Can the hair be convinced to train like the tortoise?
By Michael R. Shannon
Instead of trying to turn Donald Trump into Mitt Romney, I suggest the campaign junta stop trying to construct a Debatetron 5000 and instead get Trump to utilize the assets that won him the nomination: Humor, the ability to connect with an audience and a willingness to say what programmed politicians won’t.
He’s not trying to convince the New York Times subscriber base to vote for him. Trump is trying to persuade independent voters who aren’t obsessed with politics to support him and, equally important, go to the polls.
Thinks of it this way: Trump isn’t after the people who stay in his hotels. He’s after the people who built and work in his hotels. (Assuming they’re citizens.)
And speaking of the Times, they’ve found another group of anonymous Trump staffers who’re going to single–handedly whip him into shape for the next debate. The term used is “rigorously prepare.”
Good luck, I can’t see them making a silk tongue out of a rabble–rouser’s ear.
The campaign can’t make Trump what he isn’t. He’s not going to sit still for some memorize–the–Koran debate workout. Instead of trying to make him into Meryl Streep, accept the fact he’s John Wayne and try to find a role that fits the venue.
Trump debate preparation should be fun, if the junta expects his willing participation. The bulk of it can consist of him watching his favorite person — Donald Trump — in one of his favorite activities: Speaking to adoring crowds at rallies.
Explain to him that when Hillary talks about crime or a crime–related question comes up he should respond with an illegal alien crime sound bite and then play the rally footage. Ask him to repeat what he just heard. The next day rearrange the order of the topics and clips.
Instead of treating the debate like Masterpiece Theatre, treat it like a sitcom. Trump can be engaging and funny. Bring those sides out. One of the most memorable occasions in the Bush Vs Gore debates was when Albert the 1st invaded Bush’s personal space and George W. looked at the camera and made a face.
It connected with the audience and expressed what all normal viewers were thinking. Trump should do the same. The debate audiences don’t help him because they are so stodgy. Trump feeds on the energy of the crowd. (Hillary feeds, too, but more like what happens in The Strain.)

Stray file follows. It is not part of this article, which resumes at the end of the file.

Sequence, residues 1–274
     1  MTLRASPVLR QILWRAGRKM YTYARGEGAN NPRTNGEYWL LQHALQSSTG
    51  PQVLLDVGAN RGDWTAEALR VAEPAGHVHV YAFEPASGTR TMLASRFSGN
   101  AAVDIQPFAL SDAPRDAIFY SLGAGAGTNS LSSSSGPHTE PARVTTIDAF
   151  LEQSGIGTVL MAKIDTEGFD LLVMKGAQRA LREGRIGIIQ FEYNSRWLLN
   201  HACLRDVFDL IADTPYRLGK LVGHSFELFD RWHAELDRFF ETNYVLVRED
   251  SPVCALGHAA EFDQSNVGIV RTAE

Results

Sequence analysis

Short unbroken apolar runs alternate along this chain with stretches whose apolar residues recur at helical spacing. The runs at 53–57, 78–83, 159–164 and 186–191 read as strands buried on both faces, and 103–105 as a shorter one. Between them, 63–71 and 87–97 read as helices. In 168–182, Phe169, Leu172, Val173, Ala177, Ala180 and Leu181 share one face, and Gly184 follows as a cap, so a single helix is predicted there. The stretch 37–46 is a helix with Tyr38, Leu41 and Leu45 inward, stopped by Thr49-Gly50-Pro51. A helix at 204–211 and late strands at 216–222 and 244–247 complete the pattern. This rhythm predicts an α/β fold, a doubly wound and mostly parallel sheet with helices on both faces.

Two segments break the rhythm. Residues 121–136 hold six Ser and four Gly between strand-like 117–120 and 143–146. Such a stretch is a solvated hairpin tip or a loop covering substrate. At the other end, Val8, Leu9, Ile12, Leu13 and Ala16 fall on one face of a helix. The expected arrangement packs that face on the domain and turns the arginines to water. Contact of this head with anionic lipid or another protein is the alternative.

Absent a loud crowd, let him look at the camera — since he’s on a split screen anyway — and try some non–verbal communication. It’s a technique Hillary is constitutionally incapable of adopting (also the only known instance of Hillary obeying any type of constitution).
The next debate is where the media will really be looking to trip Trump and make him look callous or insensitive as he relates to the “Millennial–in–the–Street.” This is the “Town Hall” session that consists of a crowd of angry leftists moderated by two condescending leftists.
The debate commission will assemble probably the only people in America who know less about the Constitution, the federal governments' role and how government functions than Trump does and invite them to ask inane questions.
These questions typically consist of two parts. The beginning where the “independent voter” looks at the camera and hopes mom remembered to set the DVR and the conclusion where the “independent” puts her vote up for auction and the candidates then compete to see who can spend more tax dollars on her behalf.
You never see a questioner ask how long it will take to deport all the illegal aliens. Instead they ask why the government hasn’t flown the rest of their family up from Bogotá.
It’s a hostile venue with a hostile audience and Trump will have to be better prepared.
Right now Trump supporters boast he won the first part of the debate, but being proud of winning the first 30 minutes of a 90–minute debate is like being proud of winning the flat stages of the Tour de France.
Hillary probably couldn’t have passed the test at doping control after the race, but she crossed the finish line first.
Michael R. Shannon is a public relations and advertising consultant with corporate, government and political experience around the globe. He is a dynamic and entertaining keynote speaker. He can be reached at mandate.mmpr (at) gmail.com. He is also the author of Conservative Christian's Guidebook for Living in Secular Times (Now with added humor!).